Those who indicated their religion was Church of Scotland, Other Christian or Jewish rated the overall quality of their care from the GP practice more positively (68%, 71% and 77% respectively, rated their care as Excellent or Good) than average (67%). Those who indicated they have no religion or were Muslim rated the quality of the care from their GP practice less positively (66% and 61%, respectively) than average (67%). Differences for other religions were not statistically different from the average.

Those who didn’t have a disability were more likely to rate the overall care from their GP practice positively (70% rating it as excellent or good), compared to those who indicated that they had a disability that limited their day-to-day activities a lot (59%). 62% of those who indicated they had a disability and it limited their day-to-day activities a little rated the overall care from their GP practice positively.

People in remote rural areas were typically more positive about the overall care provided by their GP practice with 79% of them rating the overall care provided by their GP practice positively, compared with 67% overall. Those living in other urban areas or accessible small towns were generally less likely to report a positive experience with 61% of them reporting the care provided by their GP practice as Excellent or Good.

67% of males rated the overall quality of care provided by their GP practice as excellent or good, compared to 66% of females and 49% of people who identified as other.

Performance Worsening

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Work related ill health

This indicator measures the prevalence of self-reported illness caused or made worse by work for people working in the previous 12 months. Find out more about this indicator.

The estimated prevalence of self-reported illness caused by or made worse by work, calculated as an average per 100,000 employed in the last 12 months, has increased from 3,530 to 4,110 cases per 100,000 employed.

This change, based on 3-year averages for 2015/16-2017/18 and 2018/19-2020/21, is not statistically significant.

In 2018/19-2020/21, the prevalence of self-reported illness caused or made worse by work was 4,110 cases per 100,000 employed in the last 12 months. This is an increase of 580 per 100,000 employed on the¬† previous estimate (3,530 in 2015/16 ‚Äď 2017/18).

Performance Maintaining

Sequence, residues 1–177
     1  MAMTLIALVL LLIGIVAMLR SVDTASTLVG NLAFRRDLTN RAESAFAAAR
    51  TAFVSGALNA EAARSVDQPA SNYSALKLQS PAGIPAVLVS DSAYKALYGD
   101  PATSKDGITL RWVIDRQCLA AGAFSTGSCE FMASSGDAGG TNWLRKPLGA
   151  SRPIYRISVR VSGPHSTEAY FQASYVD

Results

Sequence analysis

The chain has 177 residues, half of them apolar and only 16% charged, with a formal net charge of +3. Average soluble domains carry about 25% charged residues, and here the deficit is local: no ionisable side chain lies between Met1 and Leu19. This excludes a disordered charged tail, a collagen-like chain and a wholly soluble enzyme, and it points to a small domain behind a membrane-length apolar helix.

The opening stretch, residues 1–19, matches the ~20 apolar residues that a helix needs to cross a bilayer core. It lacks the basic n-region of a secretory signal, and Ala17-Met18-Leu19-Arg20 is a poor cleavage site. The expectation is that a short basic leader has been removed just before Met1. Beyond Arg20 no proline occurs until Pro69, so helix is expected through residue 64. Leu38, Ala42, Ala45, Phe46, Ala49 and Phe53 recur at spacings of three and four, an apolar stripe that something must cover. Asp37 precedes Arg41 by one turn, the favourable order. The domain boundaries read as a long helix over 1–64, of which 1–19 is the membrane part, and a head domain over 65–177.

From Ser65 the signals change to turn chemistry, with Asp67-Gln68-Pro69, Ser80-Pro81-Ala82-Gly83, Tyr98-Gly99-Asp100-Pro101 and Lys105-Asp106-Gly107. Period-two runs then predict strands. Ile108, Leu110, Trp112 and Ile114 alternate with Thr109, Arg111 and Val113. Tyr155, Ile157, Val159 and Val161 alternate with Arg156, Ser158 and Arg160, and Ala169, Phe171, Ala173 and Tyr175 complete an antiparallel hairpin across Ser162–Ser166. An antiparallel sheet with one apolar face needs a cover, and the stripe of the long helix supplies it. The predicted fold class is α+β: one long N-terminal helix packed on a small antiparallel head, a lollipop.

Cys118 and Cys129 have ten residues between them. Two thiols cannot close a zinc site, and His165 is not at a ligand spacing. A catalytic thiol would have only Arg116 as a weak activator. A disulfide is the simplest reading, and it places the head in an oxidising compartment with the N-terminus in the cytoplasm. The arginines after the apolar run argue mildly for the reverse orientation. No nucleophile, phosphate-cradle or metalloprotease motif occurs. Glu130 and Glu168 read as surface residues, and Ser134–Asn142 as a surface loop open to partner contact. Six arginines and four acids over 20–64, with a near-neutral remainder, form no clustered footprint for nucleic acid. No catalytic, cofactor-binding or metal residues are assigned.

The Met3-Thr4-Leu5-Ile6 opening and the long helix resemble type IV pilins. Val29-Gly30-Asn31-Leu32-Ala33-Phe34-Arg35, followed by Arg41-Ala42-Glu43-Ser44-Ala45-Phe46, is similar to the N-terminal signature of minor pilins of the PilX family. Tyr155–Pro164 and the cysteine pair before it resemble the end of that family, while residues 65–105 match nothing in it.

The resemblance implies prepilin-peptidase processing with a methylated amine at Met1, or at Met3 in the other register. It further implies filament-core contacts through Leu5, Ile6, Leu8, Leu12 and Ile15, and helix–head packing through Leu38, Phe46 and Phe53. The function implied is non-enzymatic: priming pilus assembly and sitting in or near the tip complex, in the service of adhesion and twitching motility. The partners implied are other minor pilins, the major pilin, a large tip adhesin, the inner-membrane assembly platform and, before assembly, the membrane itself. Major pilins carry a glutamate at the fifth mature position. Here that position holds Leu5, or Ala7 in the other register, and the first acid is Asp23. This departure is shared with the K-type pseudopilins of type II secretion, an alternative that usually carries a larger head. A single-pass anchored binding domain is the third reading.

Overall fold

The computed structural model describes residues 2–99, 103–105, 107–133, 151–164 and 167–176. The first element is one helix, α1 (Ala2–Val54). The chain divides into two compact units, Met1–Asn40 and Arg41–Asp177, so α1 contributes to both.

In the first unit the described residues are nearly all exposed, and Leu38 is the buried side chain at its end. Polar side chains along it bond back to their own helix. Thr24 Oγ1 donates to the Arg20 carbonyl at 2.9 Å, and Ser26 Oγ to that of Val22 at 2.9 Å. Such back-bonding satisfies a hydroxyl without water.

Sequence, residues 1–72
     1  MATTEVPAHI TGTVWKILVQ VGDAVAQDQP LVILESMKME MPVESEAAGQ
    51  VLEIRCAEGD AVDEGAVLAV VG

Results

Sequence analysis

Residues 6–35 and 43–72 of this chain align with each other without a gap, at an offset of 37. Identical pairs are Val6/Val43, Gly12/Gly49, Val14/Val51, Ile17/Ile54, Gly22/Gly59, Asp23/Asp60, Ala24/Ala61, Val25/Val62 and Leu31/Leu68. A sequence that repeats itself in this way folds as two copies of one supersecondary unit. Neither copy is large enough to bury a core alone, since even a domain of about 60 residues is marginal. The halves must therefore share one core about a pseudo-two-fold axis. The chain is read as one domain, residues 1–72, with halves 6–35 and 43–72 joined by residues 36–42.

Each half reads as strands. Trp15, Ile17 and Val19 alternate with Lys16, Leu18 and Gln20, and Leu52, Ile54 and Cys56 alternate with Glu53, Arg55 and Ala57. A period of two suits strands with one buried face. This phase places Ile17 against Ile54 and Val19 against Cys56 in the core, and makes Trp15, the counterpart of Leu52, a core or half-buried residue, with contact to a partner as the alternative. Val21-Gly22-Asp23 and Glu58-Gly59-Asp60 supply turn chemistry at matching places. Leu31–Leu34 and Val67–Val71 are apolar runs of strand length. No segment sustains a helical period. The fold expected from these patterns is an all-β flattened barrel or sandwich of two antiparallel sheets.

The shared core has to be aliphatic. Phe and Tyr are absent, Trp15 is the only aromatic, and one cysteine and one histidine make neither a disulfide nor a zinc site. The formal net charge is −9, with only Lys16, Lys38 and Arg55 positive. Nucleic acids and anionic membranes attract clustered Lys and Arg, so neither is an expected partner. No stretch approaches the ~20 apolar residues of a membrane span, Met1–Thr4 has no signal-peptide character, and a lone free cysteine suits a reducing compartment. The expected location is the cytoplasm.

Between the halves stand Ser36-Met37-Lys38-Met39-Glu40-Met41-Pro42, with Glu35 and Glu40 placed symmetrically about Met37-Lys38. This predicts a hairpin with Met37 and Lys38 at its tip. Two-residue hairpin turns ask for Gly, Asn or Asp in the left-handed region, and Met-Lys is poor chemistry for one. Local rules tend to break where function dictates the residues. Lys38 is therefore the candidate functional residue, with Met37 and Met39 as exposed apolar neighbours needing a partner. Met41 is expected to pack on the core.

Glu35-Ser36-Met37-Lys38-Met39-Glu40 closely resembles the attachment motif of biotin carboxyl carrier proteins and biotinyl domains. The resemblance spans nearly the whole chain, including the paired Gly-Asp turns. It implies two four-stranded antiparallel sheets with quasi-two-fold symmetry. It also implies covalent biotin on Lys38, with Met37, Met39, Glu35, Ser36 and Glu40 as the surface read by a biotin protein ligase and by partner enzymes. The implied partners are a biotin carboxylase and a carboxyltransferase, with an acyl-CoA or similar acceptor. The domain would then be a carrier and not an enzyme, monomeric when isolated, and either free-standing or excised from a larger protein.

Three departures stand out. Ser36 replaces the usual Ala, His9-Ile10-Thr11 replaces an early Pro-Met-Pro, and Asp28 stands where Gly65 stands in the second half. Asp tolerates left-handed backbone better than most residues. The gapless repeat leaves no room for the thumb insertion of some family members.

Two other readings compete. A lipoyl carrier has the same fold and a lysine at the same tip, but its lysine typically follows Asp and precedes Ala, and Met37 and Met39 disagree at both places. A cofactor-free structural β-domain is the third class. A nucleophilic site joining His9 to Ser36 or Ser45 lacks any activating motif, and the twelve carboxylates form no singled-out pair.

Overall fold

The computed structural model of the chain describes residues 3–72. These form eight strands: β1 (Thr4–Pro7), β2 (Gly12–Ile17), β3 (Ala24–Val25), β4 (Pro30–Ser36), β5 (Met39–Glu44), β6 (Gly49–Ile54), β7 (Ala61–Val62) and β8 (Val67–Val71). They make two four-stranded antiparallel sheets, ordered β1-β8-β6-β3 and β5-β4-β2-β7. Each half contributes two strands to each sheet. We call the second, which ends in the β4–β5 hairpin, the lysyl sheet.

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Premature Mortality

European Age Standardised mortality rates per 100,000 for people under 75. Find out more about this indicator.

Since 1997, the rate of premature mortality decreased year-on-year until 2015 when there was an increase. Since then it remained relatively stable until 2020 where there was a further increase, largely due to COVID-19 deaths.

In 2020, premature mortality rates increased from those in 2019. Premature mortality is currently 12 per cent lower than in 2006, the baseline year.

Those living in the 20% most deprived areas show a markedly higher rate of premature mortality (824.1) compared to those living in the 20% least deprived areas (242.6).

In 2020, males showed a higher rate of premature mortality (566.6) compared to females (355.2).

Those living in remote rural areas showed the lowest premature mortality rates (360.9), with the highest rate of premature mortality being found in large urban areas (558).

This indicator can be broken down by Scottish Index of Multiple Deprivation, urban rural classification and gender. These breakdowns can be viewed on the Equality Evidence Finder.

Performance Worsening

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Human Rights

Quality of public services

Percentage of respondents who are fairly or very satisfied with the quality of local services (local health services, local schools and public transport). Find out more about this indicator.

The percentage of adults satisfied with local health services, local schools and public transport in 2019 was 52.6%, down from the level in 2007 of 57.1% (the first year these data were collected). Levels of satisfaction have decreased from a peak of 66.0% in 2011, but have remained stable in the last two years.

This indicator can be broken down by age, gender, ethnicity, disability, Scottish Index of Multiple Deprivation and urban/rural classification. These breakdowns can be viewed on the Equality Evidence Finder.

Data for this indicator is available for 2020. However, please note that the 2020 results are not directly comparable to results for previous years, which is why the indicator shows "performance to be confirmed". Data for 2020, and further information can be viewed here.

Performance to be confirmed

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Influence over local decisions

Percentage of people who agree with the statement "I can influence decisions affecting my local area". Find out more about this indicator.

In 2019, 17.8% of people agreed that they can influence decisions affecting their local area, down from 20.1% in 2018. This is a decrease of 2.3 percentage points since last year, and is the lowest level since first measured in 2007.